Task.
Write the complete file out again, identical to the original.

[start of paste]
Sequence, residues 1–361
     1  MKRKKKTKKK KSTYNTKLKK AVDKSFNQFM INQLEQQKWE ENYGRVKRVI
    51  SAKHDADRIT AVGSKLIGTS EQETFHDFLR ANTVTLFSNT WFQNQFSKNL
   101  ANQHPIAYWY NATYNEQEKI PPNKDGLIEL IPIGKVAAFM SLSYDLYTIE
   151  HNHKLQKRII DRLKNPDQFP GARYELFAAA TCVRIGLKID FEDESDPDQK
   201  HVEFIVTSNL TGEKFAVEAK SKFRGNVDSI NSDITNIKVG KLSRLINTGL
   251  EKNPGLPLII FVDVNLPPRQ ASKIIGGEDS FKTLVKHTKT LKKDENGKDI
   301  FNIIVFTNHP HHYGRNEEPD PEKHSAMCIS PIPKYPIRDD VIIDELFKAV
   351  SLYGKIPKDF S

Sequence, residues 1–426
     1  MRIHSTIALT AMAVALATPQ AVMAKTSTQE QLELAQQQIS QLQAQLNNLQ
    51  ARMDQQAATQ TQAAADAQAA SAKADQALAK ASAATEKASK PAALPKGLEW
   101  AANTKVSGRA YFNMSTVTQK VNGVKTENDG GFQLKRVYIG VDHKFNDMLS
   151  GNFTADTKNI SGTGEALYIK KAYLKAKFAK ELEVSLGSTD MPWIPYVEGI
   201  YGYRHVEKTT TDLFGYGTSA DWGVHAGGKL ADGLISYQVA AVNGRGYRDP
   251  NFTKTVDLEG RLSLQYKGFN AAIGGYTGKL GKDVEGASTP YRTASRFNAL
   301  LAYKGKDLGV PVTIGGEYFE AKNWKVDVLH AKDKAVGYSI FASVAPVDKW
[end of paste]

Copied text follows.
Sequence, residues 1–361
     1  MKRKKKTKKK KSTYNTKLKK AVDKSFNQFM INQLEQQKWE ENYGRVKRVI
    51  SAKHDADRIT AVGSKLIGTS EQETFHDFLR ANTVTLFSNT WFQNQFSKNL
   101  ANQHPIAYWY NATYNEQEKI PPNKDGLIEL IPIGKVAAFM SLSYDLYTIE
   151  HNHKLQKRII DRLKNPDQFP GARYELFAAA TCVRIGLKID FEDESDPDQK
   201  HVEFIVTSNL TGEKFAVEAK SKFRGNVDSI NSDITNIKVG KLSRLINTGL
   251  EKNPGLPLII FVDVNLPPRQ ASKIIGGEDS FKTLVKHTKT LKKDENGKDI
   301  FNIIVFTNHP HHYGRNEEPD PEKHSAMCIS PIPKYPIRDD VIIDELFKAV
   351  SLYGKIPKDF S

Sequence, residues 1–426
     1  MRIHSTIALT AMAVALATPQ AVMAKTSTQE QLELAQQQIS QLQAQLNNLQ
    51  ARMDQQAATQ TQAAADAQAA SAKADQALAK ASAATEKASK PAALPKGLEW
   101  AANTKVSGRA YFNMSTVTQK VNGVKTENDG GFQLKRVYIG VDHKFNDMLS
   151  GNFTADTKNI SGTGEALYIK KAYLKAKFAK ELEVSLGSTD MPWIPYVEGI
   201  YGYRHVEKTT TDLFGYGTSA DWGVHAGGKL ADGLISYQVA AVNGRGYRDP
   251  NFTKTVDLEG RLSLQYKGFN AAIGGYTGKL GKDVEGASTP YRTASRFNAL
   301  LAYKGKDLGV PVTIGGEYFE AKNWKVDVLH AKDKAVGYSI FASVAPVDKW